He is not a broker, you can't really interact with any exchange directly. He needs to use some bank (which will already do 99% of what he is implementing).
Without knowing exactly how the market systems work, this is a toy, he should have talked to someone BEFORE writing any code. Things are way more complex and simpler than it looks. It's extremely simple to use bank services to do that for you and close to impossible for a developer to just jumpt into writing trading software without a bank backing it.
"Markets too complex for high frequency trading software"
"Financials" sucks and they hide every inner workings...
The backtester is designed to also be a trading engine. You feed zipline data in "events" where each event is a point in time. Zipline doesn't care if the events are live or replayed from a database - it processes the data and executes any trades in the order book.
The tricky part here is that zipline is more aimed at implementing trading algorithms. You'd have to write a simple algorithm to implement the buy/sell orders coming in.
What I ended up doing is to cross-post the questions in some mailing list/groups that are slightly related to the topic (celluloid, any active ruby/my-lang group).
May be start a SO type site which focusses specifically on Artchitectural how-tos ? Like "How to design a real time trading system", "how to design a supply/chain software" etc. What do you think ?
This small toolset could also elaborate various business models and business processes as well.
That's a good rule. It means SE can focus on that thing. But it's a great shame that the huge knowledge of the SE sites is locked in that format.
There's quite a lot of heat generated around the fuzzy borders of acceptable and unacceptable borders, and having a question closed or deleted doesn't feel good.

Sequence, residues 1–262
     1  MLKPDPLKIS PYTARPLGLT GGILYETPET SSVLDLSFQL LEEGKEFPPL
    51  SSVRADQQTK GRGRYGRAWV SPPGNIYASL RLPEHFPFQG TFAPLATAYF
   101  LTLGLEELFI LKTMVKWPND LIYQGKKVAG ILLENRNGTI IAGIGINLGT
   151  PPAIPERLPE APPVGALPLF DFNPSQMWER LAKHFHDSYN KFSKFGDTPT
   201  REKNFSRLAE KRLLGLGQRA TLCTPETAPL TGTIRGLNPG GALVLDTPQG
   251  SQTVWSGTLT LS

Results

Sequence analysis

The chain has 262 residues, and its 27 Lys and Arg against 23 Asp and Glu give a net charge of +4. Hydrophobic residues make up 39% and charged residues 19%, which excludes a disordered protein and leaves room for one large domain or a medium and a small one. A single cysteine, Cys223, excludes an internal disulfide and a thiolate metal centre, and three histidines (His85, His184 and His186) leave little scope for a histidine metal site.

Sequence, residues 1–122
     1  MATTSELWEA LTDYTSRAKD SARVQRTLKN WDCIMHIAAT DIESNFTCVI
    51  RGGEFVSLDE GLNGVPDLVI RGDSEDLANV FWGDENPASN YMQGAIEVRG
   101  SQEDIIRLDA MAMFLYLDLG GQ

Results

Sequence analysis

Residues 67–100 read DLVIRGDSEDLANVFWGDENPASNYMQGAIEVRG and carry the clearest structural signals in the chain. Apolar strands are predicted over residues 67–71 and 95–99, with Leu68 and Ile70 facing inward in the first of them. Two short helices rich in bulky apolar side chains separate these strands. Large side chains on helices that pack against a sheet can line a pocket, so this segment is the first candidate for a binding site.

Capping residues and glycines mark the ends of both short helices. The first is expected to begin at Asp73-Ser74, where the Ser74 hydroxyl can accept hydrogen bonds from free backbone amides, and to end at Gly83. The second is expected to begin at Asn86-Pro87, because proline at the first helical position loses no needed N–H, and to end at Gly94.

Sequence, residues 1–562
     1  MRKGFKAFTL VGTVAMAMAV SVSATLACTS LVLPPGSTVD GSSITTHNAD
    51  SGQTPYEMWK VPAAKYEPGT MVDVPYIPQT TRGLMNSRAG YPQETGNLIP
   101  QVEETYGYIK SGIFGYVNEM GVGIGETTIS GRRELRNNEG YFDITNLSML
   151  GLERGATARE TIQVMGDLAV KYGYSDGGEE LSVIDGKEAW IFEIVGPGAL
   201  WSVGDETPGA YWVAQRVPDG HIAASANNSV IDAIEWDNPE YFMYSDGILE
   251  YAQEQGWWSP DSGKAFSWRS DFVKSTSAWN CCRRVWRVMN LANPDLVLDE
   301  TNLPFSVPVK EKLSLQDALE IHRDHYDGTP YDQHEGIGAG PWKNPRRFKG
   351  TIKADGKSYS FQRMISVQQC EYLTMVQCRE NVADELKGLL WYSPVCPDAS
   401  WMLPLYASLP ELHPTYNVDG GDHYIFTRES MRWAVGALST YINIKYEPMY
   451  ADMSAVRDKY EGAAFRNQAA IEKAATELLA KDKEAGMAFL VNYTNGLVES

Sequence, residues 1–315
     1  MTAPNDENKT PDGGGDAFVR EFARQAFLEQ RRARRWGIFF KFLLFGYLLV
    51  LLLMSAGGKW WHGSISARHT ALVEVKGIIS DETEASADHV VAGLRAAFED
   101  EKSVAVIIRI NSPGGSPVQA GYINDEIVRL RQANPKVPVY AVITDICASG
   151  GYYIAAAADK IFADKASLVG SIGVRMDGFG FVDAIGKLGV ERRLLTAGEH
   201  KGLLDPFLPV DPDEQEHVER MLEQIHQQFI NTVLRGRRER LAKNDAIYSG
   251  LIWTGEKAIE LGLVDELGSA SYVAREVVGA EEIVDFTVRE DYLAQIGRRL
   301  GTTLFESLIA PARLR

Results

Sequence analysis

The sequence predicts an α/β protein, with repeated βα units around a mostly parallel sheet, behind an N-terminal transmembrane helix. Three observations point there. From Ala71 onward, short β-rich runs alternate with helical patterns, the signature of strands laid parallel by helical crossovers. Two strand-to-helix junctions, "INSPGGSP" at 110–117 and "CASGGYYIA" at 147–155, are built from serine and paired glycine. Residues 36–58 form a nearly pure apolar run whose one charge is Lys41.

Meta is death. I kind of agree, yet SE does have active meta. SE also has chat stuff.
So, would it really kill them to have "freeform SE question site"? It could be a paid feature (although recommending people buy a sub to post a question would cause all kinds of furore).
Thus, you'd have:
It would still have strict rules, and mods, and etc. But it would allow more open form discussion. They might need to have a different structure to allow threading and better replies?
Because of this, http://programmers.stackexchange.com exists, which is a site that allows more free-form questions.
Celluloid looks interesting have you played with it yet?
I know little about stock markets but I quite like the idea of spawning workers to monitor orders after being placed. These could then update a page live to the customer.
How long do the orders need to be monitored for? Indefinitely? If so, is it really feasible to keep them all running? How much data do they need to analyse / aggregate to make their decisions?
Very interesting question.
In my case "decision making" is only based on some fixed price threshold in order to provide some risk management. So the amount of data to aggregate would be minimal. But the data to analyse came directly (as a huge stream) from the markets.
But now that it's here it would be great to have some comments from HN though ;)
* Actually the previous statement could be wrong: You might also want to do this on a per order basis, although they are on some sense functions of each other.
I would suggest the following: